RYANODINE RECEPTOR FUNCTION AND MODULATION
The ryanodine receptor (RyR) is the intracellular Ca2+ channel located in the membrane of sarcoplasmic reticulum (SR) of cardiac cells. Ca2+ entering through L-type Ca2+ channels open the RyR channels, which allow more Ca2+ to be released from intracellular stores in SR. This Ca2+-induced Ca2+ release from SR predominantly contributes to the cytosolic Ca2+ transient that drives the myocardial contraction.
Because of its central role in the cardiac excitation-contraction coupling, the RyR is modulated by many factors including PKA, PP1, PP2A, calmodulin and CaMKII in a macromolecular complex. We study the modulation of RyR activity by phosphorylation during hypertensive disease progression from cardiac hypertrophy to heart failure. We also study the relationship between the RyR cluster spacing and spontaneous Ca2+ wave generation that cause arrhythmias. Our study suggest that in some forms of heart failure, the RyR cluster spacing is shortened, which contributes, in part, to increased propensity of arrhythmias.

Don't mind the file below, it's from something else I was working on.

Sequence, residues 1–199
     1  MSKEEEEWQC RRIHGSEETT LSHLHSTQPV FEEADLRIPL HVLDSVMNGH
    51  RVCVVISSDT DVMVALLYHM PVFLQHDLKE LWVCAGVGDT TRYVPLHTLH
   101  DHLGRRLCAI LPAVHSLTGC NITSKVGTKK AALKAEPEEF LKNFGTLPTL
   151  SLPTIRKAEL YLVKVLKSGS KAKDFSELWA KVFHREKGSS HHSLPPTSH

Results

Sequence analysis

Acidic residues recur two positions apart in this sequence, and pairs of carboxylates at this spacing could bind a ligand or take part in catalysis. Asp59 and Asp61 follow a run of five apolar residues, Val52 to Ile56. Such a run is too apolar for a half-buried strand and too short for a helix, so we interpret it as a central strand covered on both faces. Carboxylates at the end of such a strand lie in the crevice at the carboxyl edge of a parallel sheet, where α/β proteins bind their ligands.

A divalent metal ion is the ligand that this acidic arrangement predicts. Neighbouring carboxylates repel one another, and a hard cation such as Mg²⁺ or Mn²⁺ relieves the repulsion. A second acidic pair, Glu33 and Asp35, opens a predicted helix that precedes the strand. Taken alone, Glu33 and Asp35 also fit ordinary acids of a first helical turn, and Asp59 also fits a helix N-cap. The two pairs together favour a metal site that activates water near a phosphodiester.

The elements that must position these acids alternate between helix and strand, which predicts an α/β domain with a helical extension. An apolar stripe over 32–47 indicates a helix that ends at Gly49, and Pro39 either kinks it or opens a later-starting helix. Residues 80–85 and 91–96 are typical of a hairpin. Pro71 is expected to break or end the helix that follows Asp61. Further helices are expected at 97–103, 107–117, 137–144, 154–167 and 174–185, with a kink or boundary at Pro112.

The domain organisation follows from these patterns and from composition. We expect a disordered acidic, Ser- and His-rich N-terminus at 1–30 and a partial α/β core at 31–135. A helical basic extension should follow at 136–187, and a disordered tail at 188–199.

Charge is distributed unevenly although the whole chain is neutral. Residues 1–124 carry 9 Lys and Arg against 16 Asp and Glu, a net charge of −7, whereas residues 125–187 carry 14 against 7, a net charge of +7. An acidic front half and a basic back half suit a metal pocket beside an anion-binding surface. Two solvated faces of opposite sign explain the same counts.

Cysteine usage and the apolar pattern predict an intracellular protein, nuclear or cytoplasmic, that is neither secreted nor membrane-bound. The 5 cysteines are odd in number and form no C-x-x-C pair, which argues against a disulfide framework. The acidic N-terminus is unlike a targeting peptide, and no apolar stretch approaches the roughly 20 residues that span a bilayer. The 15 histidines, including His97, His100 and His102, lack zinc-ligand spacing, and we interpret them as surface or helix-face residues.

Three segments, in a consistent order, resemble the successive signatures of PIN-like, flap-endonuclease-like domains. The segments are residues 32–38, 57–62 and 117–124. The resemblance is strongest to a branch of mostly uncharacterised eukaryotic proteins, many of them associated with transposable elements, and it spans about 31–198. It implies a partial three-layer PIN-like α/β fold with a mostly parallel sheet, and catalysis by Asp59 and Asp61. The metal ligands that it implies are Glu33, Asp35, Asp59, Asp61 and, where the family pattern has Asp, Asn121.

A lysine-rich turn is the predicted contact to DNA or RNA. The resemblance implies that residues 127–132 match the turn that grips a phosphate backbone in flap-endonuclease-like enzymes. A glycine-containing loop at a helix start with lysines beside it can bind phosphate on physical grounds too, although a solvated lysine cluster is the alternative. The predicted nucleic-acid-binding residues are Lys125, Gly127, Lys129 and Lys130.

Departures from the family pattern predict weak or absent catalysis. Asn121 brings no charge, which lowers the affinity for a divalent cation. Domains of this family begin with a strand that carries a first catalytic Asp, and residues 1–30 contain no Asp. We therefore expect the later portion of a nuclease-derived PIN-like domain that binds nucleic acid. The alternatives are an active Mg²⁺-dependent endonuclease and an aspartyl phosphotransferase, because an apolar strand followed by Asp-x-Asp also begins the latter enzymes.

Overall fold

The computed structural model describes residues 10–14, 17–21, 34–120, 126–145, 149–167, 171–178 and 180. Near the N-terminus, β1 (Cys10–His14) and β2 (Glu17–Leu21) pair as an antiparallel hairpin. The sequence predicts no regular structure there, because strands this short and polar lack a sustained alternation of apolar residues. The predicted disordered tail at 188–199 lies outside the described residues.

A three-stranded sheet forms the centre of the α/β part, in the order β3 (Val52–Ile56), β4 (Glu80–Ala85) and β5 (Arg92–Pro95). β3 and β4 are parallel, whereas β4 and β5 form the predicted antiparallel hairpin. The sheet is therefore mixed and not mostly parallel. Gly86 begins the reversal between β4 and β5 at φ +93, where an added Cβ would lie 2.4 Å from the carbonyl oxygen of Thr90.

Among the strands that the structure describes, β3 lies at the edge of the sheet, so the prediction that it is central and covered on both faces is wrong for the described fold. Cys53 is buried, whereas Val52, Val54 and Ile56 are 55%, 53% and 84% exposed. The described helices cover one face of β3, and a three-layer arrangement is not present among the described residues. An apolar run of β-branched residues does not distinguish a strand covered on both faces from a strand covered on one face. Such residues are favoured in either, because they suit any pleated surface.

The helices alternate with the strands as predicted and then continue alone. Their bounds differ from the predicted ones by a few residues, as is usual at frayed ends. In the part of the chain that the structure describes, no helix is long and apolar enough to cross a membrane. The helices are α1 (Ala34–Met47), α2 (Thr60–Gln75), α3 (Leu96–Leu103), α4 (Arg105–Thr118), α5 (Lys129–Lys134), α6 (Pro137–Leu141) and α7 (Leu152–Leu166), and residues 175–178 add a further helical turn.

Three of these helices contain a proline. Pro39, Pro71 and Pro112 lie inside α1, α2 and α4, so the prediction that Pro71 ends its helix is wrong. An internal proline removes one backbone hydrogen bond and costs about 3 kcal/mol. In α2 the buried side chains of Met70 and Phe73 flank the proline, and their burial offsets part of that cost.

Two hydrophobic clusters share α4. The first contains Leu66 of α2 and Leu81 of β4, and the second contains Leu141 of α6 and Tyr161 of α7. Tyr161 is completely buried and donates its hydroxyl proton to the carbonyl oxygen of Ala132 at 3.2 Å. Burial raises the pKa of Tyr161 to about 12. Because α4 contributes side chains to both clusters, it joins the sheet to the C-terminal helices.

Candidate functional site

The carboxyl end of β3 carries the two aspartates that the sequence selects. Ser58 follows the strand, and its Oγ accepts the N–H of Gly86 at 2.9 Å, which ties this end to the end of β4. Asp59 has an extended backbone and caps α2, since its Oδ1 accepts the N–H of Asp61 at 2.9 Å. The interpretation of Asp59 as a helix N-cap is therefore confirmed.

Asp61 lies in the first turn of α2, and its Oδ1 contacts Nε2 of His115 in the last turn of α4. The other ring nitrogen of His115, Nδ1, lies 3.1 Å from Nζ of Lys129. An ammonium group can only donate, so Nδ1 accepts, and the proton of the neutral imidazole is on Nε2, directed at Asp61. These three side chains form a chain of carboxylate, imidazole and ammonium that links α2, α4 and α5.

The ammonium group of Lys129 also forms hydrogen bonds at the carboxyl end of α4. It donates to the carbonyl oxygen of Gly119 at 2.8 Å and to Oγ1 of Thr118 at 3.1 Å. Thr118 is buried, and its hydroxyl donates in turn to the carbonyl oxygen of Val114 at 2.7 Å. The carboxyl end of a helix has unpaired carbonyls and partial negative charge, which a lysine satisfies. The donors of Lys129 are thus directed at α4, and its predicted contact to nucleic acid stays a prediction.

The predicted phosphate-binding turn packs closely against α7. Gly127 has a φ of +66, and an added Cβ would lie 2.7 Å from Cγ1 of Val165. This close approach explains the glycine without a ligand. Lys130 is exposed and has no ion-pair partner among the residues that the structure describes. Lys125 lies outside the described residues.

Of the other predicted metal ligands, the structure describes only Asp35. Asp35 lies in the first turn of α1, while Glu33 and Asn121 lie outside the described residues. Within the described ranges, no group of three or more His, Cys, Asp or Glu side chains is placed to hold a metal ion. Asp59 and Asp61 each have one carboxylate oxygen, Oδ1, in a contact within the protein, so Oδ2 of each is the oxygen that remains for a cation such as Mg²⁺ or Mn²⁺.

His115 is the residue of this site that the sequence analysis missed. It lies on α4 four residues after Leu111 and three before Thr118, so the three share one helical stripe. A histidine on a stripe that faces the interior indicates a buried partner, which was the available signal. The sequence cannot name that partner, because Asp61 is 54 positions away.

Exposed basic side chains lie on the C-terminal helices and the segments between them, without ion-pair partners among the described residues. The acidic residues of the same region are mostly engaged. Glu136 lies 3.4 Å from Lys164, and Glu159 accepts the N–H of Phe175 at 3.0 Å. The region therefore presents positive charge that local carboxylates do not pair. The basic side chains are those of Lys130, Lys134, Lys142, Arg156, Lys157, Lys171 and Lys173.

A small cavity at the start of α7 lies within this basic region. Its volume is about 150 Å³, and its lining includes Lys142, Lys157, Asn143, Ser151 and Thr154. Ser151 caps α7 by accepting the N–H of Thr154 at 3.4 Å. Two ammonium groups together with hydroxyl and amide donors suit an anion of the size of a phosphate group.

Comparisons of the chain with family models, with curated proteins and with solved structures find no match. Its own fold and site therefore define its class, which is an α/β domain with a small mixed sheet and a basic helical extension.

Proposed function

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Antibody labeling of RyR2 in cardiac myocyte Y Chen-Izu et al., Biophysical J. 2006. 91:1-13
3D simulation of Ca2+ sparks and waves LT Izu et al., Biophysical J. 2006. 91:95-112